Former consensual personal relationships without direct hierarchical reporting lines do not need to be disclosed. However, should the risk of conflict not be manageable, discloser should still be required.
5.7 Reducing the likelihood of adverse consequences
Keeping relationship information confidential where possible will reduce the likelihood of employees experiencing adverse responses from colleagues. This is important in light of research indicating that hierarchical workplace relationship can negatively impact the more subordinate employee’s career advancement. Since the subordinate employee in the relationship is commonly female, this will likely have implications for equal employment opportunity.
A disclosure officer to whom a relationship is disclosed should communicate to the employee that they are available to discuss any issues as they arise. They should also be mindful of professional problems that may arise if the personal relationship breaks down e.g. the potential for negative bias.
5.8 Sexual harassment
Victorian Public Service employers are under a continual duty to prevent sexual harassment and to respond swiftly and appropriately to any allegations that concern matters relating to sexual harassment, discrimination or bullying. For information on Victorian Public Service employers’ obligations in this regard, see the Victorian Equal Opportunity and Human Rights Commission’s Guideline: Sexual harassment – complying with the Equal Opportunity Act 2010.
A relationship is not considered consensual if the subordinate employee feels compelled to consent to a personal relationship because of the inherent power imbalance in the professional relationship. Departments should have robust policies and procedures in place to prevent, report and respond to sexual harassment.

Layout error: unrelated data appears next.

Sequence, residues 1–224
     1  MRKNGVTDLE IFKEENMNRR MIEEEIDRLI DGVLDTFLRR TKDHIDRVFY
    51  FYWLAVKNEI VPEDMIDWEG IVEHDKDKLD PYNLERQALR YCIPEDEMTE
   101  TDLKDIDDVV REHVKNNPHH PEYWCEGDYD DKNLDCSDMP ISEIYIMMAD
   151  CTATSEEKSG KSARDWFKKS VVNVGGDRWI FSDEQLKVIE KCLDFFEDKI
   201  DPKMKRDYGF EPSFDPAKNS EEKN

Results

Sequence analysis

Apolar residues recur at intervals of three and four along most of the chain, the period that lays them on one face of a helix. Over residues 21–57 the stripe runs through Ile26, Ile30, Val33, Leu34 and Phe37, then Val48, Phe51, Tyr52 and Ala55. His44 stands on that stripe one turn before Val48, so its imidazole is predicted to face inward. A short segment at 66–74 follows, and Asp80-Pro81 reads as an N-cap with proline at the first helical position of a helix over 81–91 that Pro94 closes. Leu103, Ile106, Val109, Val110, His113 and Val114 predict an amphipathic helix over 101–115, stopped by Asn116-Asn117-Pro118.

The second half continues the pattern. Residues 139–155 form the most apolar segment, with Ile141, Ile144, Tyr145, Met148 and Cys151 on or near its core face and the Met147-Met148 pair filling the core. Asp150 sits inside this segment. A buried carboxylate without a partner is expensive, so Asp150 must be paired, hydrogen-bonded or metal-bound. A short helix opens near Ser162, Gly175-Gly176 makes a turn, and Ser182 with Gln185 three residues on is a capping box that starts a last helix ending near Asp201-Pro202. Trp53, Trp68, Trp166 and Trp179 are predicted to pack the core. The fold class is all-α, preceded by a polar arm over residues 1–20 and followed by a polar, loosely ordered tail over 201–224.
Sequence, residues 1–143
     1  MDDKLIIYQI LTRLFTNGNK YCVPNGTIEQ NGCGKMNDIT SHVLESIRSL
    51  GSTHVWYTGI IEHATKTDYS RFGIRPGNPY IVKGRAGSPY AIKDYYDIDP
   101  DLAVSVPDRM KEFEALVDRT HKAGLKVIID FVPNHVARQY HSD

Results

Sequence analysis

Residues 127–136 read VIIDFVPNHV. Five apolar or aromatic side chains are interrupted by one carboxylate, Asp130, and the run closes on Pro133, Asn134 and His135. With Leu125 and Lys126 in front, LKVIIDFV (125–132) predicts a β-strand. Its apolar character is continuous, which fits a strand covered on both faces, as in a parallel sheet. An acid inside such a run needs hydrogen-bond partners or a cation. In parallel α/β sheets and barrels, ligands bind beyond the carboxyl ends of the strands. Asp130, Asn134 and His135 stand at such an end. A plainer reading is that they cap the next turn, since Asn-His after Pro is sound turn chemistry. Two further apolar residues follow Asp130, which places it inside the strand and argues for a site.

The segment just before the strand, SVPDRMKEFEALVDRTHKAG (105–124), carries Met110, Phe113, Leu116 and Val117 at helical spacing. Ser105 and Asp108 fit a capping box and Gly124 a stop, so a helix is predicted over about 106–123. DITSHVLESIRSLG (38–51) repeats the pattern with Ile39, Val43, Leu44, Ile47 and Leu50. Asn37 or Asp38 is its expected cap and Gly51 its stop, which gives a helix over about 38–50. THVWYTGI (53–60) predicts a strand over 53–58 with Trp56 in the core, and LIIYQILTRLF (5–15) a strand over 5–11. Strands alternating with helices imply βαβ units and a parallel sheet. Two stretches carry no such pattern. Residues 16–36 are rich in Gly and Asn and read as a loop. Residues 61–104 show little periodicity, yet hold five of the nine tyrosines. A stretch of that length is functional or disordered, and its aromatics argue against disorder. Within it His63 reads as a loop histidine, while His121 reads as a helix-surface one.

In accordance with the Equal Opportunity Act 2010 discrimination is prohibited in the context of employment. An employer must not discriminate against an employee by, inter alia:
- denying or limiting access to opportunities for promotion, transfer, training or any other benefit connected with employment;
- dismissing or otherwise terminating the employee’s employment; or
- subjecting the employee to any other detriment.
Discrimination is prohibited in relation to a range of attributes including lawful sexual activity. In devising policies for minimising risks associated with personal relationships, Victorian Public Service employers must comply with the Equal Opportunity Act 2010.
5.11 Contractors and consultants
The Model Policy applies to all workplace participants. This includes: employees, contractors, consultants, labour hire and any individuals or groups undertaking activity for or on behalf of the organisation.
Contractors, consultants and labour hire are required to disclose a personal consensual relationship with a direct hierarchical relationship to a disclosure officer in line with the policy. It is important to note however, that contractors, consultants and labour hire are not organisational employees. As such, they should also discuss the matter with their employer (i.e. Hudson or Hays recruitment services) where a proposed management plan can be prepared to remove a conflict of interest. All management plans should be agreed with the organisation before they are enacted.